UK & World News
Maria Miller: Expenses Probe Is Launched
Parliament's sleaze watchdog is to investigate expense claims made by Culture Secretary Maria Miller.
John Lyon, Parliament's Commissioner for Standards, will look at a complaint about the senior Tory minister's second home allowances.
The decision to investigate follows revelations that Mrs Miller claimed more than £90,000 for the cost of a house her parents had apparently been living in.
She received £90,718 between 2005 and 2009 - almost the maximum allowed - for mortgage payments, bills and other costs at the property in south London.
Labour MP John Mann filed a complaint earlier this week, arguing the arrangement was "identical" to that of ex-Labour minister Tony McNulty.
Mr McNulty had to pay back more than £13,000 in expenses in 2009 because they were spent on a second home occupied by his parents.
The Commissioner ruled in that case the MP had effectively "subsidised" his relatives from the public purse, allowing them to live rent free.
Mrs Miller insisted on Sky News earlier this week that her claims were "absolutely as they should be".
A spokesman added on Thursday: "Mrs Miller's expenses have been audited twice and found to be wholly proper and above board.
"Any suggestion to the contrary is simply untrue. She would fully co-operate with any inquiry."
David Cameron insisted Mrs Miller did an "absolutely excellent job" as Culture Secretary and declared she has his full support.
"A newspaper has asked her a number of questions. As far as I can see she has excellent answers to all those questions and I am sure she will answer them and get on with her job, which is what she should do," he said.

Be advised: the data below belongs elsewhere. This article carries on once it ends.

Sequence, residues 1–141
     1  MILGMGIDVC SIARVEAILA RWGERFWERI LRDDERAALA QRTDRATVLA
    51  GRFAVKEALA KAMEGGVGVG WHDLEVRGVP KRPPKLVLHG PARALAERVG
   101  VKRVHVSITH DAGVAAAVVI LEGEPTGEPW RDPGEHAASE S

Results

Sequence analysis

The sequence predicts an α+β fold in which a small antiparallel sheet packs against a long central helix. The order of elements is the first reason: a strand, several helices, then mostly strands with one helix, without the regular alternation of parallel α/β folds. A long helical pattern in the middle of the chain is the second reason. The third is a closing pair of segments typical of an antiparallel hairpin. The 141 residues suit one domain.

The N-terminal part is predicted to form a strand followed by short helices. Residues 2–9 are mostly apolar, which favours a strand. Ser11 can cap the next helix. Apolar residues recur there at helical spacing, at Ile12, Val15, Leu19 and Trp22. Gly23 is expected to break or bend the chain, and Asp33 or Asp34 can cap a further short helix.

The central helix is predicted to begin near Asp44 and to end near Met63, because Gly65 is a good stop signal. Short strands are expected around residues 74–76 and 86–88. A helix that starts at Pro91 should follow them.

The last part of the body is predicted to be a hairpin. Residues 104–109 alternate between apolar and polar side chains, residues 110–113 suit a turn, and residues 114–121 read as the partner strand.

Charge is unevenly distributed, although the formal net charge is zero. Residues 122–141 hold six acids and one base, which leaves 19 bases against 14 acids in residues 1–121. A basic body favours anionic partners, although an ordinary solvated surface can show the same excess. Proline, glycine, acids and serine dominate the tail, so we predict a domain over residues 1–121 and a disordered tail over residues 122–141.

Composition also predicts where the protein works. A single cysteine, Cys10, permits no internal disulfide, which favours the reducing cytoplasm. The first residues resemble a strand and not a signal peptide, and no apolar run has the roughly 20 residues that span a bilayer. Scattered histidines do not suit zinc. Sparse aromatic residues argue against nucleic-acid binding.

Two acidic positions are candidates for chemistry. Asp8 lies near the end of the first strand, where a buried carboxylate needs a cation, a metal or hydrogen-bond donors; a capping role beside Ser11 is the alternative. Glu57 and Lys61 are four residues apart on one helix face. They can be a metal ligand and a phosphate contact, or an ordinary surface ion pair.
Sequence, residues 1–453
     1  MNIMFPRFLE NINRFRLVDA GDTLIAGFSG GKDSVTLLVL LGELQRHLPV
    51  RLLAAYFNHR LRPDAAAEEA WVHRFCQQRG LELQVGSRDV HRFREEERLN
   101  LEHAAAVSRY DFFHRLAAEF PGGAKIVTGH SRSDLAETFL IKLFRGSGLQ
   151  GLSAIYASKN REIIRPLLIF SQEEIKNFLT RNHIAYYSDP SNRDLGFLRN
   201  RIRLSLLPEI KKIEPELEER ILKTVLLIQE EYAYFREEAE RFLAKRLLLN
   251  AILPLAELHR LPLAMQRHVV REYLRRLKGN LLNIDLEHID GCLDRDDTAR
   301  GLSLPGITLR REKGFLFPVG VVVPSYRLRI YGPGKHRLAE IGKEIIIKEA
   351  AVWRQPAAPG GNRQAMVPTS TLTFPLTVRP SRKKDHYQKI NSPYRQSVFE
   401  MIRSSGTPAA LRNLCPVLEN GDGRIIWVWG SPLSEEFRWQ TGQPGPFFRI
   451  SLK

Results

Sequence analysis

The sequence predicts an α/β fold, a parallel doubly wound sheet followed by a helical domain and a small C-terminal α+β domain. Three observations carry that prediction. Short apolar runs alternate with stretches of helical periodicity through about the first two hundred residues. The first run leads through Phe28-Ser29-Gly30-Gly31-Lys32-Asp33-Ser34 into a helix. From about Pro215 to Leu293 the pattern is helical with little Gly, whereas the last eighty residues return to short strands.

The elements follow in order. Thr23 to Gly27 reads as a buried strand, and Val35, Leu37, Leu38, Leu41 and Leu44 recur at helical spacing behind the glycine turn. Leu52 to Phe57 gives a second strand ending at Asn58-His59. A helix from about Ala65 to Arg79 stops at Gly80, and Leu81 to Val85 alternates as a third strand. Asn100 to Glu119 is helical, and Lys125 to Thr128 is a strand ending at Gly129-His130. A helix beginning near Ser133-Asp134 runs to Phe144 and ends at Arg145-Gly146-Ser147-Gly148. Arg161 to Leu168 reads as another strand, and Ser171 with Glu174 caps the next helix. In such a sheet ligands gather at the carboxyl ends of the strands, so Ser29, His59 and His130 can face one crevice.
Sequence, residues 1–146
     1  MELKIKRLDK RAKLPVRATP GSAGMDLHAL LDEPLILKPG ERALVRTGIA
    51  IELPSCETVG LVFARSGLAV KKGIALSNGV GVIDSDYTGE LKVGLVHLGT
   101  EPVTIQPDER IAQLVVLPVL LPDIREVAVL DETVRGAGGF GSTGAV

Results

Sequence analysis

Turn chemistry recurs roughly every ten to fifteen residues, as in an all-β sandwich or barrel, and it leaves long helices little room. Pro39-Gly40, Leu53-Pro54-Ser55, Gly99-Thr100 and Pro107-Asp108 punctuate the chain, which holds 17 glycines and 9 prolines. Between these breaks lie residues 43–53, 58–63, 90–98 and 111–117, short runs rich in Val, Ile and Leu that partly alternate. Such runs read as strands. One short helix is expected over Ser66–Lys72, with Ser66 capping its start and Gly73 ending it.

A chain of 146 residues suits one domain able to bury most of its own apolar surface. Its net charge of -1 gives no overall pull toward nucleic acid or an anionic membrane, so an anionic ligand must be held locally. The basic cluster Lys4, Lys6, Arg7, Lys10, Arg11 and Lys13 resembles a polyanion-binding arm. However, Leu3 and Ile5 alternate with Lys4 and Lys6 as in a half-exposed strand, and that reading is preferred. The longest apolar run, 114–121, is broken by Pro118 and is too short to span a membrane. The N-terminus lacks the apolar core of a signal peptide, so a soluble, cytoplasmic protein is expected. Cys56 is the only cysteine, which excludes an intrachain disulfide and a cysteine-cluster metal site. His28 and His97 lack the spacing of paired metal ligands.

The minister's claims were originally revealed by The Daily Telegraph, sparking a row with the Government amid claims aides had tried to suppress the story.
Mr Cameron's head of communications Craig Oliver and Mrs Miller's special adviser Joanna Hindley have been accused of using the Leveson report to put pressure on the newspaper.
The Telegraph claims Ms Hindley referred to the report, apparently in an attempt to threaten them, when she was called for a response to the expenses revelations.
Mr Oliver then also mentioned the issue in a telephone call to the newspaper's editor - reportedly saying "she is looking at Leveson at the moment".
Number 10 has insisted Mr Oliver was only highlighting concerns about how the paper pursued the story because it had spoken to the minister's elderly father.
Mrs Miller has since insisted the affair has nothing to do with the Leveson report. "My concern is that any investigation is done in accordance with the rules, the Editors' Code," she said.
The Telegraph said it had lifted the lid on the conversations behind the scenes to show the risk of politicians being involved in how the press is regulated.
:: Further cross-party talks on press regulation on Thursday broke up without agreement amid continued divisions over the need for a system backed by law.